posted by mdn at 1:32 PM on February 4, 2005

Things that seem minor add up quickly - lightbulbs, batteries, detergent, toothpaste, yadda yadda, are all more expensive if you buy them when you need them instead of when you find a deal

Great advice. Buy this stuff when it's on sale and/or with coupons (and in larger sizes, too -- the up-front price is higher than the small size, obviously, but your per unit cost is lower). They also tend to be cheaper at Target than at a grocery store, so you may want to plan a once-a-month trip there just for non-food essentials like this.
posted by scody at 1:40 PM on February 4, 2005

No kidding, you can make some serious inroads that way. The drugstore had a wicked good deal on compact fluorescents last year. I now own a lifetime supply, and every fixture in the house has one. Those suckers make for real savings on the electric bill. And if the entire stock eventually gets shattered in a 'quake, no huge loss. The total cost was under $10. Have you seen the normal retail price of those thing?? Heck, I'm already into profit on that investment. *sigh* If only stocks did as well...
posted by nakedcodemonkey at 2:24 PM on February 4, 2005

We've focused a lot on cost cutting, but don't forget to look at the other side of the equation.

This is FAFSA season. Do not delay sending that in, because early submitters do get more grants than latecomers (federal loans never dry up; grant funds do get depleted).

Talk now with your financial aid officer. What can you do to maximize grant/scholarship opportunities? What recommendations can s/he offer to someone in your position?

If a teaching assistantship or other grant isn't likely, seriously consider applying elsewhere. A state school with loans can wind up being a lot more expensive than a pricey school with a generous endowment for funding grad student education.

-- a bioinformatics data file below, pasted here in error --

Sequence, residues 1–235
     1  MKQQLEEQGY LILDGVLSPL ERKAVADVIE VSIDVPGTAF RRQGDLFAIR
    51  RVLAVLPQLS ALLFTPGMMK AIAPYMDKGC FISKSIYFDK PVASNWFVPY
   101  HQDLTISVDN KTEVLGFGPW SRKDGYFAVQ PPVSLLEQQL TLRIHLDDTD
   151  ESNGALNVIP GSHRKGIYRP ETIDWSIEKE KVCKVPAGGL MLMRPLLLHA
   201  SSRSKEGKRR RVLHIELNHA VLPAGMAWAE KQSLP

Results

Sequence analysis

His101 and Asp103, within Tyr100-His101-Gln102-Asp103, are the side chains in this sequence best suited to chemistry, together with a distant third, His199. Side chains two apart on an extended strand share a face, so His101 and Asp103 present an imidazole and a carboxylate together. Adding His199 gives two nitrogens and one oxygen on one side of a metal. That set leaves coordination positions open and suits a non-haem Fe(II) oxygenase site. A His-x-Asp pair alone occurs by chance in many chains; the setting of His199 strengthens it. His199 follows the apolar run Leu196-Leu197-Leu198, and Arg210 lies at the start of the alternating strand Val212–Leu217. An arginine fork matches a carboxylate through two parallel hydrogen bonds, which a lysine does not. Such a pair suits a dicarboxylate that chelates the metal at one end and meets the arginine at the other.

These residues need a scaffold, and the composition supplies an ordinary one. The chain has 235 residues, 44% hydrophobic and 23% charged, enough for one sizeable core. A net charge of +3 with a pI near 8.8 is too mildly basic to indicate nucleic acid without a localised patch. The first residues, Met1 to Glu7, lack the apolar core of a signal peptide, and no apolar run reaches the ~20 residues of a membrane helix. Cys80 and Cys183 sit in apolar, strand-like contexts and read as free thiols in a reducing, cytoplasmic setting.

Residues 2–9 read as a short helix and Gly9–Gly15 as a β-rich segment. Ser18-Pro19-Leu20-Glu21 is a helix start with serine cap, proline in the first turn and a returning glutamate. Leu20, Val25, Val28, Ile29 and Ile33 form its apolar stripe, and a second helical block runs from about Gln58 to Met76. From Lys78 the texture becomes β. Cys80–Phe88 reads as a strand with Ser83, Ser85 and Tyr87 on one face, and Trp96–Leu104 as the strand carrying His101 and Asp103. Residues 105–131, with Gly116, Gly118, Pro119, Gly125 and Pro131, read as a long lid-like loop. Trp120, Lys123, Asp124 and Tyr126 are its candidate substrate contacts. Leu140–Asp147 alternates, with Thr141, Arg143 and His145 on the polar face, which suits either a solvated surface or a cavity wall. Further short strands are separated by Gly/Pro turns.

If you must take a job, see if you can get equivalent pay from a work-study job. All things being equal, the work-study is preferably because it isn't counted against you as badly as regular income.

Read the IRS's booklet on education tax breaks, and see if there are any changes you need to make to ensure the maximum deductions.

If you're planning to live off of any savings, it might be worthwhile to pay for professional advice on how to invest the money so that it doesn't hurt your financial aid score and the gains don't get dinged by the tax man.
posted by nakedcodemonkey at 2:38 PM on February 4, 2005

I've always had fantastic luck with resident assistantships/tutorships. I'm not sure if any are available at your school (and they would require you to give up your apartment) but RAs generally receive free or reduced rent apartments.

While a majority of these positions are in first-year halls, I've worked quite happily in upper-year undergraduate and postgraduate halls (which, most of the time, require less work). Further, working as an RA has allowed me to get through school debt free.
posted by lumiere at 6:32 PM on February 4, 2005

Are you making $25k before taxes? If so, that's where your missing money is. $15k in actual cash is equivalent to about $22.5k salary. You definitely won't be rich as a student, but if you've got a full $15k in cash per year without taxes, you won't be down to beans & rice every night.
posted by spaghetti at 10:04 PM on February 4, 2005

Thank you all so much. There is really great advice here, some of which I knew but didn't want to know I knew, if you know what I mean.

Also, spaghetti, thank you. That is indeed the case. I hadn't been looking at it that way. That takes a bit of the pressure off.

I'm going to look at this as an experiment in living the way I have wanted to live for a long time anyway. Making most of my own food, being a lot more creative about my entertainment, and having lots of potlucks. And thank you, Civil_Disobedient, for "I do not spend money unless there is a damned good reason." That's fantastic advice.
posted by jennyjenny at 10:10 AM on February 5, 2005

Do you buy a lot of books? A lot of music? Go to the library for both.
posted by NickDouglas at 8:27 PM on February 8, 2005